A recent comment to my regexp datatype contribution reminded me of an irritating shortcoming in eZ publish. It’s not possible for datatypes to send error messages back into the class edit. It’s only implemented on the object level for some bizarre and obscure reason.

I plan to incorporate class-level error messages in the next release of the datatype (expect the release soonish) but it’s a real shame that this shortcoming has survived 8 releases so far.

But for now, back to C# 😉

Regular expression datatype v2.2

When you start creating a piece of software you always think you’ve got all possible features covered. As soon as all those ideas are actually implemented it’s time to call it version 1.0. But then you start using that piece of software and the new ideas just keep coming.

My regular expression datatype for eZ publish isn’t any different. A couple of new features and a bugfix warrant a point release bringing it up to version 2.2. Here’s a brief overview of the changes:

  • Fixed: Regular expressions are added to/removed from the first class attribute using this datatype (Thanks to Richard Tuin for reporting this issue)
  • Added stripping of tags with possibility to disable the stripping via the ini file
  • Added possibility to control the size of both a text line and a text area in content/edit

All details are on its contribution page.

Regular expression datatype v2.1

I’ve just updated my regular expression datatype, regexpline, to version 2.1. The latest version of this eZ publish extension brings you these changes:

  • Enhanced contentclass view template
  • Fixed naming pattern if no subpatterns have been defined
  • Fixed display of object content when using it as a line field
  • Possible fix for excessive whitespace when using text block mode
  • Removed debug
  • Added possibility to “negate” regular expressions/presets. (must *not* match this regexp instead of must match)
  • Implemented hasObjectAttributeContent() (has_content in templates)

As usual, you can find a download on its contribution page.

Regular expression datatype updated

In the past few days I’ve released two new versions of my regular expression datatype for eZ publish, regexpline. Version 1.1 contains these changes:

  • Fixed: CS issues
  • Fixed: Only use internal function to fetch the regular expression
  • Fixed: Naming pattern (title function) does not return an empty string when given no input or invalid input
  • Added: Custom name pattern similar to the object name pattern of a contentclass

And version 2.0 has been published today. Here’s what’s new in this version:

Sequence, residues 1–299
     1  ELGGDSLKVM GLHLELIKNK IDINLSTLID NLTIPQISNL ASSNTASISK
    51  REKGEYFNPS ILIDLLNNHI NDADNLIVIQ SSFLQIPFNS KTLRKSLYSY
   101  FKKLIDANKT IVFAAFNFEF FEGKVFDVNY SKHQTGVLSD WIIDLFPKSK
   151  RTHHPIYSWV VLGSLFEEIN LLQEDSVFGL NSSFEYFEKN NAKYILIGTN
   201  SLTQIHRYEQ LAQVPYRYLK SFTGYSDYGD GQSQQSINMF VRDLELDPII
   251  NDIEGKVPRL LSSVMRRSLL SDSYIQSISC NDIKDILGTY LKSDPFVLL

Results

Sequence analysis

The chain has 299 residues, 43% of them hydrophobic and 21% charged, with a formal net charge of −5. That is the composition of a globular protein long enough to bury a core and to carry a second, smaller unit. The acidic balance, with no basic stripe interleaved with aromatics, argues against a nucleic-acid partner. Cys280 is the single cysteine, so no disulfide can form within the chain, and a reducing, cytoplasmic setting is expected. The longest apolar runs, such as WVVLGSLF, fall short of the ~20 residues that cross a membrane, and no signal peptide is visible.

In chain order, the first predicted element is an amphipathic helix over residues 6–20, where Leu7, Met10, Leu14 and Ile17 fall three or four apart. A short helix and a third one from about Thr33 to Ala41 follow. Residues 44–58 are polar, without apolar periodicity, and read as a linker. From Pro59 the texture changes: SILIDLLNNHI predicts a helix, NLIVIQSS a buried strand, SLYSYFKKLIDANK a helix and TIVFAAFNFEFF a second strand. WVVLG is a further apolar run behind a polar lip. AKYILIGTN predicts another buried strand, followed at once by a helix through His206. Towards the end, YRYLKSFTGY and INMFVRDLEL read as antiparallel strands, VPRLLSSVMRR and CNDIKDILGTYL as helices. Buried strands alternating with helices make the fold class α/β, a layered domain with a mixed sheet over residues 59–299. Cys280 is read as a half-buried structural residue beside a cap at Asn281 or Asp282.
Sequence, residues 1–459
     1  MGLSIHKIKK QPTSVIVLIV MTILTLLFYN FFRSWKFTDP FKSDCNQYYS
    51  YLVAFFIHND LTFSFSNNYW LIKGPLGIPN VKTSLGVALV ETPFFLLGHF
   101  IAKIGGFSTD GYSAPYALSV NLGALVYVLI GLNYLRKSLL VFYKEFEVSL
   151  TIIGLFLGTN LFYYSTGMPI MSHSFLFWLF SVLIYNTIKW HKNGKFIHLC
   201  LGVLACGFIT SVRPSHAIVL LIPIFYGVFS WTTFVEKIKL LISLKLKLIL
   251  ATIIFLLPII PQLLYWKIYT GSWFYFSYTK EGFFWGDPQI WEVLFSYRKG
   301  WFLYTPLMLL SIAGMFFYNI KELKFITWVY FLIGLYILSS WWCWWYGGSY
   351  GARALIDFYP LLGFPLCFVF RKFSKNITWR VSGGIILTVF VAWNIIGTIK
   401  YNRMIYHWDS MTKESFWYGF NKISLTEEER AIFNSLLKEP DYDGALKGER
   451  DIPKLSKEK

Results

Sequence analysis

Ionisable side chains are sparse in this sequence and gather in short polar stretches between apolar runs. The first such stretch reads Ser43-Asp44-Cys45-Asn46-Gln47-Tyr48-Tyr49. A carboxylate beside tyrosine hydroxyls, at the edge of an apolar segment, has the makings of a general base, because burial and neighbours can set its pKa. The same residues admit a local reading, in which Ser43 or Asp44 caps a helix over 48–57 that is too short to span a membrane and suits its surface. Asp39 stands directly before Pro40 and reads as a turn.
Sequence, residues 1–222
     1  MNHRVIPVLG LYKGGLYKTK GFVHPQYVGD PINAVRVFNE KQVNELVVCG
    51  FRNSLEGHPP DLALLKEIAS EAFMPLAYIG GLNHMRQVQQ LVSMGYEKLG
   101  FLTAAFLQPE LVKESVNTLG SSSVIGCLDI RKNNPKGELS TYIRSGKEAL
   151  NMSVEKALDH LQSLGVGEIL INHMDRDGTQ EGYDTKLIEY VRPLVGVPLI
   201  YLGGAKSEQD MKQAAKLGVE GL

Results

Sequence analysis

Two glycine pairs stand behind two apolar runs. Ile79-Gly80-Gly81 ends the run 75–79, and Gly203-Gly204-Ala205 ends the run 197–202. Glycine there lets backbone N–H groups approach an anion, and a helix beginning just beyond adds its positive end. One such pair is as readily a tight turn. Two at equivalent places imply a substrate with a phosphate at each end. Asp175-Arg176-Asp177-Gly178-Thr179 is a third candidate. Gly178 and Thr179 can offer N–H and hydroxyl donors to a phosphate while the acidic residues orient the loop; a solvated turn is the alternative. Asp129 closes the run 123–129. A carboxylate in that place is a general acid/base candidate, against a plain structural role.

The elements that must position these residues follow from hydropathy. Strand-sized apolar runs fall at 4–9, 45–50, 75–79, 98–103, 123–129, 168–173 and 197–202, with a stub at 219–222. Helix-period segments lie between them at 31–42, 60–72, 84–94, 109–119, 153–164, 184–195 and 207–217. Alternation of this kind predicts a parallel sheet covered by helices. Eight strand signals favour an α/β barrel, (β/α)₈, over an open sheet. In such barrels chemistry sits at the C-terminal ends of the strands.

• Added: Multiple regular expressions can be entered
  • Added: Multiple presets can be active
  • Added: Custom error messages per regular expression/preset
  • Added: Display as text line or textarea (in object edit)

More info and download locations can be found on its contribution page.

The lurking dangers of references in PHP

A while ago, PHP 4.4 was released to address a rather weird memory corruption problem in the PHP 4.3 series. The problem was related to returning by reference. The bug allowed statements to be returned by reference while it should only be possible to return variables by reference.

To provide users with a PHP 4.4 compatible version of eZ publish, eZ systems released version 3.7 which is a clone of version 3.6 with the reference fixes added to it. Simply changing the 3.6 codebase was not an option because what was needed in 3.6 to go around the memory corruption would no longer be valid in PHP 4.4. The reverse was also true, what was needed in the PHP 4.4 version would trigger the memory corruption in 3.6.

Unfortunately, the problem doesn’t stop there. There are also a lot of extensions for eZ publish. Some of them don’t need a change while others need to be updated to be PHP 4.4 compatible. I’ll give an example…

If you happen to use e.g. the eZXML library in your extension, you’re among the lucky ones who need to change some code for the newer version ;-). A great example is eZDOMDocument::createElementNode(). That function returns by reference in eZ publish versions prior to version 3.6 and returns by value from 3.7 onwards. This means your code for 3.6 should look like ($doc is an instance of the eZDOMDocument class) (code A):

$exampleNode =& $doc->createElementNode( ‘example’ );

And for 3.7 (code B):

$exampleNode = $doc->createElementNode( ‘example’ );

The difference is pretty small if you look at it, but it could be rather significant. If you use code A for both versions (3.6 and 3.7) it should not be that significant. It’s how it should be for 3.6, while the reference assignment should be ignored in 3.7 because the function returns by value. However, you’re not following the eZXML API which could have an unknown impact now or in later PHP versions and it’s not a good coding practice.
One could also suggest to use code B for both versions, but then things get worse. You’re alright in version 3.7 (or any PHP 4.4 version for that matter), but you’re simply ignoring the return by reference in 3.6 which means you’re back at the initial problem: possible memory corruption. And just to be sure, I asked Derick Rethans (PHP and eZ publish developer) if ignoring a return by reference would be a good idea in PHP 4.3. His response:

It’s indeed how it not should be done. Returning by reference from a function, while not assigning the result by reference will not work (ofcourse, as the reference is ignore). As far as I can remember it is exactly this case that caused the memory corruptions in PHP 4.3.x.

So be careful when switching to the new code because you can’t predict when the memory corruption bug will appear, but count yourself lucky if you don’t encounter it. I have encountered the bug before and it absolutely makes no sense when you spot the problem.

Note: 3.6 in this post refers to eZ publish version 3.6 which in turn refers to the eZ publish codebase for PHP 4.3. 3.7 in the post refers to eZ publish version 3.7 which should be read as the eZ publish codebase for PHP 4.4.